May 19, 2020
A recent story by USA Today found the Credit CARD Act of 2009 is cutting down on card companies cashing in on college students. Cards issued through universities and alumni associations dropped by 17 percent in 2010. This benefits student spendaholics, but a lack of credit history is an obstacle for upcoming grads ready to finance a new car or upgrade their furniture.
I thought I would bring up this topic in light of all of you out there who will be entering your freshman college year in another month or so. Once you hit campus, you'll be solicited for credit cards. In fact, you may already have a credit card, even as a rising college student. Just like your GPA, which began accumulating in 9th grade, your credit history will begin forming as soon as you start using any kind of credit or credit card.
Here are a few smart ways for students to start building credit history.
We're not suggesting students go out and open a bunch of credit cards, but some plastic used responsibly can go a long way towards creating good credit. There are several options for students to help avoid high interest rates and annual fees.
A secured credit card is one of the easiest for the credit-less to acquire and requires a deposit equal to the credit limit. Rates and fees vary, so comparison shopping is a must. Another option is to become an authorized user on a parents' account. Students don't have responsibility for the bill, but still get the benefits of on-time payments on their credit report.
PT Money put together a list of the best credit cards for students, making comparison shopping much easier.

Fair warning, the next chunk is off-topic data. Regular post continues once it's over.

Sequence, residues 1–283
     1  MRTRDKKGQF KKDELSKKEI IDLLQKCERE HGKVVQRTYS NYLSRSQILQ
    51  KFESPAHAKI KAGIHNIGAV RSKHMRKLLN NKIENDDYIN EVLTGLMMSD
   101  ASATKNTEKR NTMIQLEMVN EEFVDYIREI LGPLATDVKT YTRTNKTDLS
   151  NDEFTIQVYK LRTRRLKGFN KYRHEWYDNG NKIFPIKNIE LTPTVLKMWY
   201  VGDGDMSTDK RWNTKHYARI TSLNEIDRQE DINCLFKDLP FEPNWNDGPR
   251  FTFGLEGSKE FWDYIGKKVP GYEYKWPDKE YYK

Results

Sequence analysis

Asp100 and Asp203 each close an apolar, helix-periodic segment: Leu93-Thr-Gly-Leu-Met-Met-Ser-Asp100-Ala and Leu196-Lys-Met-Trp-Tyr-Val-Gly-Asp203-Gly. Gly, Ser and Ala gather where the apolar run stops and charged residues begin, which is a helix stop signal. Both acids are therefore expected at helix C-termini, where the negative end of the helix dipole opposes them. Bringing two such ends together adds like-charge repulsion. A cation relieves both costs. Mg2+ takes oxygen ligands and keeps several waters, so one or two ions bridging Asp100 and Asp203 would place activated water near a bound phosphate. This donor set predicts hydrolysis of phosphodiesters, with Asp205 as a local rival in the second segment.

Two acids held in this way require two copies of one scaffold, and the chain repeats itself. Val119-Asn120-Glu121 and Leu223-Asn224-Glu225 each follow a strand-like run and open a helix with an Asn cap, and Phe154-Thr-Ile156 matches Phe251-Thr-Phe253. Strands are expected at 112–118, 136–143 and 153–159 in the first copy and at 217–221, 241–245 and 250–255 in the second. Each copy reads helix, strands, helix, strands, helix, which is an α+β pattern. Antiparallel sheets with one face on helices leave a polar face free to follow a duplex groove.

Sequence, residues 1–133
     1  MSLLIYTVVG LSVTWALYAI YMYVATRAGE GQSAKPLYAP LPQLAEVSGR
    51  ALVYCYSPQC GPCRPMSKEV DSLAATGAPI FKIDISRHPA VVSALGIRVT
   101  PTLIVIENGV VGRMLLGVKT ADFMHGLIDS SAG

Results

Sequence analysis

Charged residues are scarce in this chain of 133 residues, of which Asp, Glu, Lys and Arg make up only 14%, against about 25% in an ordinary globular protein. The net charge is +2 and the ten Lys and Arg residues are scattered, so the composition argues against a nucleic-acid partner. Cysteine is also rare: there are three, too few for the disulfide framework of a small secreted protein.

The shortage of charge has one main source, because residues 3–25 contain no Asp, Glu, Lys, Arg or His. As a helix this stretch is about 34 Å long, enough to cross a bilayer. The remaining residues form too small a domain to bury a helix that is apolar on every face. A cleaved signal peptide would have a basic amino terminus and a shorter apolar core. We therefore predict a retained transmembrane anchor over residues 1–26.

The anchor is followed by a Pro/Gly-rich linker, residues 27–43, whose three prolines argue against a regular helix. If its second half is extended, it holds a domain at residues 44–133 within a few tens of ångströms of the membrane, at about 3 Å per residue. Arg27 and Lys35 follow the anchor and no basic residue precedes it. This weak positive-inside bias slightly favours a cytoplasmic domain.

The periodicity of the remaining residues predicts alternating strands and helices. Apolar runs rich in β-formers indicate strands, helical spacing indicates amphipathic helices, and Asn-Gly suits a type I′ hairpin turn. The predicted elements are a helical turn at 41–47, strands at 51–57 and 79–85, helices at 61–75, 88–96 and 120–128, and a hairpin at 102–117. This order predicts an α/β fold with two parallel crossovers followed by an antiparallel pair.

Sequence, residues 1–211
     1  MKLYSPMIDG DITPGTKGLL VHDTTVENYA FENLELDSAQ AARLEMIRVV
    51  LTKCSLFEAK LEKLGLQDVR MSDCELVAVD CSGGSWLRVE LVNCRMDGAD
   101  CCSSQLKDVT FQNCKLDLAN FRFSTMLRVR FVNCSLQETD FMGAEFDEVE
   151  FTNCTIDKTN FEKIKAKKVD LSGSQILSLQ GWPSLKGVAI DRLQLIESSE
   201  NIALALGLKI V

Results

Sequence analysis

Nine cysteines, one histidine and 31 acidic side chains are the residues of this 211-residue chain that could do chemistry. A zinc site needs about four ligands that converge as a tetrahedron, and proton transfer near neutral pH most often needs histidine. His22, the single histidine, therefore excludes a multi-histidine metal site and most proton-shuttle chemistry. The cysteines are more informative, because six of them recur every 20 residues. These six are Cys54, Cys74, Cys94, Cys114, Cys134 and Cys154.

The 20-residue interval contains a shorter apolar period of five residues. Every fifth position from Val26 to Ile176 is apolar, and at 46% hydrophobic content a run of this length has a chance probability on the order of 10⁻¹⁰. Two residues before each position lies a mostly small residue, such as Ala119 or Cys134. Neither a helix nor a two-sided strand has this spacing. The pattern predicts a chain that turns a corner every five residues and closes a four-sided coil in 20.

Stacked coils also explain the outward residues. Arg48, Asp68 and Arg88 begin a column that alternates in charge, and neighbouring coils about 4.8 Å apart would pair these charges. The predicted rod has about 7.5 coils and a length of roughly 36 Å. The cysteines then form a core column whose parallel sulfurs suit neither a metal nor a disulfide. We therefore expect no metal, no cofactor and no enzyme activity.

A merchant credit card is best used for the bare necessities of gas, groceries, etc. They help build a steady history of payment and fit easily within the framework of a budget. Most carry high interest rates so, ideally, you should pay off the balance each month.
This is a given. It's time to put the cash-only allowance policy to an end. While bank account information doesn't appear on credit reports, lenders commonly request it to verify steady income. For those new to managing their own finances, Mint.com is a useful resource for tracking accounts and expenses.
Parents or other close relatives are usually the best co-signer options. Having someone with established credit history co-sign a loan or credit card application leads to lower rates and a greater chance of approval while building credit for both parties.
Student loans aren't ideal, but with the cost of tuition, sometimes they're unavoidable. Typically they have low interest rates and don't require repayment until after graduation, making them a good credit enhancer. The catch is no credit until payments come due.
Jumping from job to job is pretty common in college, but sticking with one employer is ideal. Employment history appears on credit reports and lenders prefer to see someone who has stable employment with a steady increase in salary.
Paying card bills on time is the true key to good credit. If there's a payment coming up and things are tight, don't skip it. Cancel the cable, sell your gift card from Aunt Esther or pawn unused video games and movies. A few missed monthly payments can have a serious impact on a credit score for many years.
So, you can see that there is a common-sense approach to developing a strong credit rating. As I always say, credit where credit is due!
Be sure to check out all my admissions-related articles and book reviews at College Confidential.